In 1996, open wheel racing in America forever, irreversibly changed.
Prior to the ’90s, open wheel racing was racing to most of the country. CART, and prior to it USAC and AAA, was seen as the most prestigious sanctioning body in the country to race for, and while that definitely wasn’t the case in the Southeast, at the very least the Indianapolis 500 was hailed as the biggest race in the western hemisphere.
Daytona International Speedway, Darlington Speedway, Ontario Motor Speedway and Pocono Raceway were all heavily influenced by Indianapolis Motor Speedway, with both Daytona and Darlington in particular being built with the exact purpose of being the Indianapolis of the South. But none of them had and arguably still haven’t beaten been able to be bigger then the granddaddy of them all.
In 1994, IMS president and CART team owner Tony George formed the Indy Racing League. The league was formed for a number of different reasons, but the most noticeable was because of the belief that CART had drawn international talent and focused too much on road courses instead of running at non-IMS ovals, while the international drivers prevented young American drivers such as Jeff Gordon from moving up through USAC. Thus the split began, and open wheel racing in America (along with Indianapolis) fell far behind NASCAR.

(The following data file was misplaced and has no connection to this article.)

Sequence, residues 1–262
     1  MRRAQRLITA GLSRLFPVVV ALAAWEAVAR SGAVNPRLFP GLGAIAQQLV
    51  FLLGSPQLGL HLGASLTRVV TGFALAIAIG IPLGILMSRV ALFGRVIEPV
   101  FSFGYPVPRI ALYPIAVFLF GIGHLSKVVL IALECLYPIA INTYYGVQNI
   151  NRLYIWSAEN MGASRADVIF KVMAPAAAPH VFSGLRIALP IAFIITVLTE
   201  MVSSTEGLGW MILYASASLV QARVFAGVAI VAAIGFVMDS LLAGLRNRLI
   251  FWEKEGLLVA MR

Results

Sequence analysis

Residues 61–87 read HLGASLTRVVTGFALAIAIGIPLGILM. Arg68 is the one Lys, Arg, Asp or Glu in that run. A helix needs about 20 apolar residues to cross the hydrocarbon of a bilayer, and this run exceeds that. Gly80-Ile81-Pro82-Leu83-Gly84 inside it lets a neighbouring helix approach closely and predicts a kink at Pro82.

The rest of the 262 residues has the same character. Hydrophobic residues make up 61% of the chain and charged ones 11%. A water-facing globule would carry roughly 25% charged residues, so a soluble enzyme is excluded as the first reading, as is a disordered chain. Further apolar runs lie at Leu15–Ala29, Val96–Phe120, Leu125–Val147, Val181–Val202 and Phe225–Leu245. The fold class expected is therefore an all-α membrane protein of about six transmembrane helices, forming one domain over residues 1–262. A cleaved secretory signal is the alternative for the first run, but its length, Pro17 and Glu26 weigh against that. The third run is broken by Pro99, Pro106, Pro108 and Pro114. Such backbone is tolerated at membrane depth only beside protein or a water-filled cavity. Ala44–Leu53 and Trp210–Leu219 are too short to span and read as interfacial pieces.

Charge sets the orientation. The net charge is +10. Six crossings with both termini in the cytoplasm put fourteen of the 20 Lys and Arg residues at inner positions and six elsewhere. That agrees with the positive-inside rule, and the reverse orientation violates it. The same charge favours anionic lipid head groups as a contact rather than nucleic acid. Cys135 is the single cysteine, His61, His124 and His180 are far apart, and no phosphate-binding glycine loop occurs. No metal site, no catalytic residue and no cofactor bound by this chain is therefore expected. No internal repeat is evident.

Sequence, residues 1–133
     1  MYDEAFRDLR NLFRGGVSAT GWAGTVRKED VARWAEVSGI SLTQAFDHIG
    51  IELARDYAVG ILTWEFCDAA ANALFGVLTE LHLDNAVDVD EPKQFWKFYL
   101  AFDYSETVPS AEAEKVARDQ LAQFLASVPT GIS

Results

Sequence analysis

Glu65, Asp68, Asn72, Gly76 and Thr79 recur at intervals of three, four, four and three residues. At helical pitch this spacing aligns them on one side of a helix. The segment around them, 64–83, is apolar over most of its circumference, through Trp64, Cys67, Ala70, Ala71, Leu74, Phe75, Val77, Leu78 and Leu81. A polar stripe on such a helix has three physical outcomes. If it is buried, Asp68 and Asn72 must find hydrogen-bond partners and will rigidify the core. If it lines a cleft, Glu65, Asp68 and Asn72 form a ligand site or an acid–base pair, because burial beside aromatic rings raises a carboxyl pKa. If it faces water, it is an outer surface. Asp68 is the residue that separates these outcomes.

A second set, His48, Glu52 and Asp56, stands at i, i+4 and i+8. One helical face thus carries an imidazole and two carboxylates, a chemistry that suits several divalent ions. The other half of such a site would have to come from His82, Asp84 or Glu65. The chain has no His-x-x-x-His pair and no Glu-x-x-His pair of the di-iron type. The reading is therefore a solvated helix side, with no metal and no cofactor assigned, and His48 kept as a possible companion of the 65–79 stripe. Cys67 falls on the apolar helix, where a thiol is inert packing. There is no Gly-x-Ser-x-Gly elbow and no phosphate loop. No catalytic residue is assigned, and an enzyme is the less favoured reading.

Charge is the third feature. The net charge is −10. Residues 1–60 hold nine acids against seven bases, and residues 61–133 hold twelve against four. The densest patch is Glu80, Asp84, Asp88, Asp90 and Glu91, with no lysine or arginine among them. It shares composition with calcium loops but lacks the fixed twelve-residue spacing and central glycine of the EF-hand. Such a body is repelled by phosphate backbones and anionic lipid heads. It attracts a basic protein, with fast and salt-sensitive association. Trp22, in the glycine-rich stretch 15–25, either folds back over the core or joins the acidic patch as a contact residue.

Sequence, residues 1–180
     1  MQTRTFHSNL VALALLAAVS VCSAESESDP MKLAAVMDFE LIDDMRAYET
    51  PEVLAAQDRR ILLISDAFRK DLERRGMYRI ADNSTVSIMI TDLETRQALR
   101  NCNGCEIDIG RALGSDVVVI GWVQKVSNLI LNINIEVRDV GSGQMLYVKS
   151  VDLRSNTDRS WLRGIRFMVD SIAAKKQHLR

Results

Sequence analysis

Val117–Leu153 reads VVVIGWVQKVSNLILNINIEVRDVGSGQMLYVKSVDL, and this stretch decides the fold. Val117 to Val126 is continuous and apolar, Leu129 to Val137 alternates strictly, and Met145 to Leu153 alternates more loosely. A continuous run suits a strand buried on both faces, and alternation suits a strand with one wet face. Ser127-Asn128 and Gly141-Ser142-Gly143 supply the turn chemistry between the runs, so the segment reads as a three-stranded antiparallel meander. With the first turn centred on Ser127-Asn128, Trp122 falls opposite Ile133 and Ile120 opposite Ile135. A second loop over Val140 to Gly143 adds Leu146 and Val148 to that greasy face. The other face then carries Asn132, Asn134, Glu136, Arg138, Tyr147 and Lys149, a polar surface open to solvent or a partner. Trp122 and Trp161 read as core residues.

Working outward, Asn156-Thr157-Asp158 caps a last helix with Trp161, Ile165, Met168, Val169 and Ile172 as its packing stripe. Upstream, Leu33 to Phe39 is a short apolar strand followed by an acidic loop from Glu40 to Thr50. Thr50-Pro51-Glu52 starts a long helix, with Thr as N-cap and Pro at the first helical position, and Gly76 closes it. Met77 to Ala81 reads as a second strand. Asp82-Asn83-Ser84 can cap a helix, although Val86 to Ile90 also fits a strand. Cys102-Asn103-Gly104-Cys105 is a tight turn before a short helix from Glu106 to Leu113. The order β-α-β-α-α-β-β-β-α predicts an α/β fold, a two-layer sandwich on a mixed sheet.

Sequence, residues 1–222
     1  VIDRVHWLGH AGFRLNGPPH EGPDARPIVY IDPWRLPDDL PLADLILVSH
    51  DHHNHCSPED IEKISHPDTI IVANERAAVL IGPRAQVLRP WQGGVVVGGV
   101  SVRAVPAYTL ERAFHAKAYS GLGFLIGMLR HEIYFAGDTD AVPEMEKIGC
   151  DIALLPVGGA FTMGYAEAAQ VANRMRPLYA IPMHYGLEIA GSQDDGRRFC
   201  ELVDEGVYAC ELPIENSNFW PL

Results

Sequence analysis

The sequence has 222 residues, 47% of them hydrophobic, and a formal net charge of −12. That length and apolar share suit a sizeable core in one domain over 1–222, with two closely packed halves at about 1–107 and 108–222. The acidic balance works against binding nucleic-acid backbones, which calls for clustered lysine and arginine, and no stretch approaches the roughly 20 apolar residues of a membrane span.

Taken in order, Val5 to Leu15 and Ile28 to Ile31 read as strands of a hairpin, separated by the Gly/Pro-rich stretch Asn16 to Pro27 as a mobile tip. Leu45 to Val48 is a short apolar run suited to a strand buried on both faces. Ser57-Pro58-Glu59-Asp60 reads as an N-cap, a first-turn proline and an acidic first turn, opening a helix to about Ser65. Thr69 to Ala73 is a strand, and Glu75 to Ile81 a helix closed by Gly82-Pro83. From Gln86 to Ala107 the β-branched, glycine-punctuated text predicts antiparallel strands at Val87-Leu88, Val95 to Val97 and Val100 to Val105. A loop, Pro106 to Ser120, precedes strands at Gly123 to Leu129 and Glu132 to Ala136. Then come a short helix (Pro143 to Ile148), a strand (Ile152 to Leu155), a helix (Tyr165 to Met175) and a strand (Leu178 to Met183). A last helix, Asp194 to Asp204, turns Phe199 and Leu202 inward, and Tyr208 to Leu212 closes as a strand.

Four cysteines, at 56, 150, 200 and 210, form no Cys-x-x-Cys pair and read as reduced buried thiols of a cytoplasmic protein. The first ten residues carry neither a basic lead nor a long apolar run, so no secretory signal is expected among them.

Sure, the Indianapolis 500 is still an institution, and Danica Patrick was a gigantic mainstream star before ever stepping foot in a stock car. But even after CART and IRL reunited in 2008, IndyCar TV ratings and attendance past the 500 are only just now beginning to be competitive with the NASCAR Xfinity Series races, especially on the ratings side.
Last year, there were plenty of rumors and discussion on the prospect of the France family cashing out and walking away from NASCAR, selling the sanctioning body off along with the racetracks under its domain. While nothing substantial has come out of the rumors, there have been steps toward a potential merger with the now-privately owned Speedway Motorsports Incorporated. But at the end of this year, in a complete surprise, Hulman and Co. decided to sell off their assets, including IndyCar and IMS, to the Penske Corporation.